As the 31 December deadline for a Brexit trade deal with the EU looms, Boris Johnson has again warned the UK to stand by for the possibility of an “Australia-style” deal. It sounds like something two countries that rely on international trade might reasonably want to embark on, but what would it actually mean?
What has Boris Johnson said?
The UK prime minister says it is a “strong possibility” that the “Australia option”, will be where Britain ends up.
“Now is the time for the public and for businesses to get ready for January the 1st, because believe me there’s going to be change either way,” Johnson said Thursday night, UK time.
“There will be change whether it’s a Canada-style deal or an Australia-style deal, but we certainly now need to make proper preparations for that Australia solution.”
Now is the time for the public and businesses to get ready for the Australian option on January 1st. pic.twitter.com/lLJfmIy9XI
— Boris Johnson (@BorisJohnson)
In October, Johnson claimed that due to the stubborn intransigence of the EU he had to conclude that the “Canada-style” trade deal he was seeking was not going to be successfully negotiated without a “fundamental” change in Brussels’ negotiating position.
What is an ‘Australia-style’ trade deal?
Australia deals with the EU mainly under standard World Trade Organization (WTO) rules – meaning a range of tariffs, quota restrictions and customs checks are applied to many traded goods – although it has spent two years trying to negotiate a more favourable Free Trade Agreement. There are also some unique agreements in place between Australia and the EU, such as concessions on wine imports, that would not apply under a UK-EU deal without further negotiation.
Downing Street began using the “Australia-style” term at the beginning of the year as a more palatable shorthand for a no-deal Brexit.
Carl Bildt, the co-chairman of the European Council on Foreign Relations, has said on Twitter that Johnson “probably thinks it sounds better like that”.
“Someone should tell him that Australia is actually busy negotiating a trade deal with the EU.”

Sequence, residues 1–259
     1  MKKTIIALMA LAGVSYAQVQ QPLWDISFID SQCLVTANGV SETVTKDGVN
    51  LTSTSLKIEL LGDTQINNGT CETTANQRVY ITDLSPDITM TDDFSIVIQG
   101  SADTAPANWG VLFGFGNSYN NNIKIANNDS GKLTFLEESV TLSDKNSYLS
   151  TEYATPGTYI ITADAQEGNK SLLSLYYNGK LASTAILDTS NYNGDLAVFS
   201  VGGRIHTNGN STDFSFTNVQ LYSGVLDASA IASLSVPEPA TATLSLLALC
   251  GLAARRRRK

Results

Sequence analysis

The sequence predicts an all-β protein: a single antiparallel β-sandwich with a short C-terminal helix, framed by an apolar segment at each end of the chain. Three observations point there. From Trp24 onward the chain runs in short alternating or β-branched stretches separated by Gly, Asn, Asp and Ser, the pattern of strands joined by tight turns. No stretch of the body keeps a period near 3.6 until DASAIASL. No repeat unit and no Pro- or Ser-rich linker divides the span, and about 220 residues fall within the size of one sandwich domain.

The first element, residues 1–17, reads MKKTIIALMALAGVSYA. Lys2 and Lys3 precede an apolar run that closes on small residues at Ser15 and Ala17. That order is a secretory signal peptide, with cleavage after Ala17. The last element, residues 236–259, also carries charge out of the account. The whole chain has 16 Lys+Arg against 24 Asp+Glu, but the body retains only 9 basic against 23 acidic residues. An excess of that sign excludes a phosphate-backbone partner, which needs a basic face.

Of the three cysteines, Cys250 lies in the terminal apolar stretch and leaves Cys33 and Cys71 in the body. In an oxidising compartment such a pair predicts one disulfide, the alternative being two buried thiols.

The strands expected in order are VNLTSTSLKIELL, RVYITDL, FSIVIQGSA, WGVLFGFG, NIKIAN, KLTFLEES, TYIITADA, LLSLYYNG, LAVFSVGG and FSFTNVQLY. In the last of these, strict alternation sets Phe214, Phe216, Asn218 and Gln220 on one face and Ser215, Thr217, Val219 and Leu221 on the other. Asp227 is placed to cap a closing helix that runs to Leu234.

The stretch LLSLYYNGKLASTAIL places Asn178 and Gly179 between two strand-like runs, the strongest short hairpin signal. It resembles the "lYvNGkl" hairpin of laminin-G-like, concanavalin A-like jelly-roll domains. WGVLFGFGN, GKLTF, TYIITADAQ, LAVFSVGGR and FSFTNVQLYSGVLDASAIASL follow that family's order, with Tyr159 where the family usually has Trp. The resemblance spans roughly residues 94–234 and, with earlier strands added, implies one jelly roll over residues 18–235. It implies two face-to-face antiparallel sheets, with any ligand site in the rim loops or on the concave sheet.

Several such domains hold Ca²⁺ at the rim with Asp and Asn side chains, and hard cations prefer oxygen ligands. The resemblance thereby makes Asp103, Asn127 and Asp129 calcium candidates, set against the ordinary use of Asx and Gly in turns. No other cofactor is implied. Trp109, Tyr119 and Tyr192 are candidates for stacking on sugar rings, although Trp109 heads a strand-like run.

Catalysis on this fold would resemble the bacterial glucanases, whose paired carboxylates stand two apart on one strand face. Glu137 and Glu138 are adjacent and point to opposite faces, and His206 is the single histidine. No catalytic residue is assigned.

How is Australia’s trade relationship with Europe?
On Thursday the former Australian prime minister Malcolm Turnbull described it as unsatisfactory during an appearance on the BBC’s Question Time, citing the very large barriers for agricultural exports in particular.
“Be careful what you wish for. Australia’s relationship with the EU is not one, from a trade point of view, that Britain would want.”
— BBC Question Time (@bbcquestiontime)
“Be careful what you wish for,” Turnbull said.
“Australia’s relationship with the EU is not one from a trade point of view … that Britain would want, frankly.”
The EU is Australia’s third largest trading partner, third largest services export market and third largest source of foreign investment, but the FTA negotiations show the Australian government feels it could extract much more value from its European trade.
The “Canada-style” deal, as Johnson terms it, which would have involved reduced tariffs on imports and quotas, appears doomed judging by his most recent comments.
He now appears to have pivoted to selling the benefits of the “Australia-style” deal (or not having a deal, effectively).
“It’s now a strong possibility, strong possibility, that we will have a solution that is much more like an Australian relationship with the EU than a Canadian relationship with the EU,” he said on Thursday.
“That doesn’t mean it’s a bad thing, there are plenty of ways, as I’ve said, that we can turn that to the advantage of both sides in the conversation, there are plenty of opportunities for the UK.”
The significant difference between Australia and the UK in relation to existing trade with the EU is the volume and type of goods traded.
Australia trades about 11% of its goods into Europe, most of which are raw materials, while the UK trades in more than half of its goods, including a far wider range of items.
The impact of the relatively unfavourable terms that exist between trading partners under WTO rules will therefore have a far greater impact on the UK than they do on Australia.